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Hoarder Faces Seven Years
Book-signing/sales will benefit canine victims
Reading and book-signing on Monday will raise money for the Ulster County SPCA.

A few weeks ago, I posted a short notice about a local animal hoarder named Marie Castaldo, who was finally arrested on a variety of charges including animal cruelty. She awaits trial in Riker’s Island and faces seven years in prison. Her trial begins next week.

You can read about her crimes here or here (beware sad pictures)
 
The gist of the story is: This woman, a notorious con artist (and a good one at that), would visit local and New York City shelters and present herself as a kind and loving founder of a charming little rescue group located in Hudson Valley. The shelters’ adoption coordinators, taken with this woman’s charm, would relinquish a dog or two, and the hoarder would be on her way—off to do unspeakable things to these poor dogs.
 
I don’t need to go on and on to you Bark readers about how absolutely horrible this is. Or how this woman deserves to go to jail. Or how those poor dogs need tender loving care NOW. I mean, there’s so much to say on the subject I don’t know where to begin.
 
So how about this: I think about those sweet shelter volunteers, whose primary goal in life is to make sure that needy dogs find loving homes. I think of how their kindness, trust and goodness has been betrayed. I think how the dogs have been betrayed. I think how God/dess and Mother Earth herself has been betrayed, because we humans were entrusted to be stewards of the animals, and what kind of stewardship are people like Marie Castaldo exhibiting?
 
So what can we do beyond crying, bemoaning, complaining and/or hating humans like this? 
 
We can rescue dogs, of course, which is what most of us here at Bark have already done. If we can’t take in any more dogs at this particular moment, we can give: Give our time, our dollars, or even our prayers to all those who suffer or need food or love or are in pain. I expect even this hoarder-woman is in pain at some level too—how else could she behave as she does?
 
The only good thing to come of horrifying events like this is a reminder that for every animal abuser out there, there is at least one, and probably many, animal lovers/rescuers. This is one of those laws of the universe. So let’s remember this every time we hear some bad news. It reminds us that we have the power to help—in large and small ways. And therefore help make amends for all the wrong that has been done. To dogs. To earth. To all.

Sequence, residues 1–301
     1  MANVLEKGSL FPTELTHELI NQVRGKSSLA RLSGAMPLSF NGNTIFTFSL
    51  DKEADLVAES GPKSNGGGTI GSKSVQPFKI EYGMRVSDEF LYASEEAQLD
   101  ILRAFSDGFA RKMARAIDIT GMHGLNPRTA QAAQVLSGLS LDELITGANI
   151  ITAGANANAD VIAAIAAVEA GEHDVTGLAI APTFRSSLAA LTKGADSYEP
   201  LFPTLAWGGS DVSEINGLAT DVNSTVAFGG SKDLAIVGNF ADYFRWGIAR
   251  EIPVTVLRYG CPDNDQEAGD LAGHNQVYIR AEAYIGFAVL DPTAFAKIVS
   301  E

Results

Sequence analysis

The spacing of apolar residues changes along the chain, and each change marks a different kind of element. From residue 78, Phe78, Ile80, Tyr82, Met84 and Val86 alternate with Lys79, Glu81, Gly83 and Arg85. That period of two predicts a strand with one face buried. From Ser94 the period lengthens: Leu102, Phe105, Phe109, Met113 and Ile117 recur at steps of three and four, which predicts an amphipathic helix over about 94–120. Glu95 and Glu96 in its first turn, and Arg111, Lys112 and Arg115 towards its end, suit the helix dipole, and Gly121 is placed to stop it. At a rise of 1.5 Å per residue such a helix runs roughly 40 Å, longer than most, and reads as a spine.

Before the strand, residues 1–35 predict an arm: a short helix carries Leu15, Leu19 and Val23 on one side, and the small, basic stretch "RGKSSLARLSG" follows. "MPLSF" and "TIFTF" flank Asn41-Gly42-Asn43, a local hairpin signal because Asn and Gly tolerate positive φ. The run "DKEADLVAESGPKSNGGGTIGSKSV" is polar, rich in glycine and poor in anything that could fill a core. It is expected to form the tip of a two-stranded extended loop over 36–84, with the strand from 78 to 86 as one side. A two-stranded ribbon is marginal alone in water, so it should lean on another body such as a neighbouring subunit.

At the very least, we can send emails to our local shelters—thanking them for all the hard work they do. We can send a tiny packet of treats.
 
On Monday, August 23, I am giving a reading and book-signing of my memoir Rex and the City: A Memoir of a Woman, a Man and a Dysfunctional Dog to benefit the 40 dogs of the Ulster County SPCA.  If any of you live in the Hudson Valley, I encourage you to attend. We’re trying to arrange to have some of the dogs attend the event and find a new home. Unfortunately, few are well enough to walk yet.
 
Details: Inquiring Minds Book Store, Partition at Main Street, Saugerties N.Y., Monday August 23 at 7 p.m. Early birds get a free copy of Bark magazine!
 
If you can’t make the reading, please visit ucspca.org to donate or purchase a copy of Rex and the City through my website at www.rexandthecity.net. All proceeds from book sales now through Sept. 15 will be donated to this shelter. This memoir is about rescuing and rehabilitating an abused shelter dog, and it has a very happy ending.

 

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Lee Harrington is the author of the best-selling memoir, Rex and the City: A Woman, a Man, and a Dysfunctional Dog (Random House, 2006), and of the forthcoming novel, Nothing Keeps a Frenchman from His Lunch. emharrington.com
CommentsPost a Comment
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Submitted by Pamela | August 21 2010 |

Is anything known about what motivates people to hoard animals?

In my town, hoarding belongings (general stuff around the house) is being recognized as a major psychological disorder. Local nonprofits have had workshops for social workers, law enforcement, and mental health workers on how to work with these hoarders.

So what's happening in the minds of people who hoard pets? Because I don't think we'll know how to solve the problem until we've figured out exactly what's behind it.

Submitted by LeeHarrington | September 6 2010 |

This is an excellent comment, Pamela. Perhaps soon some veterinary student or psychology student will begin to explore this pathology.
People get addicted to the strangest things.....power, hatred, cruelty. Lucky that we are addicted to the love and care of dogs and all sentient beings :)

Submitted by Carolyn | August 23 2010 |

I find it so difficult to read/hear/learn about such cruelties. Sometimes it seems like they are everywhere. It helps to focus on the good that happens as well. Thanks for pointing that out.

Submitted by Jinx | April 17 2014 |

The second link for details about the hoarder woman does not go anywhere. It took me to a page with several news stories, none of which have anything to do with the case.

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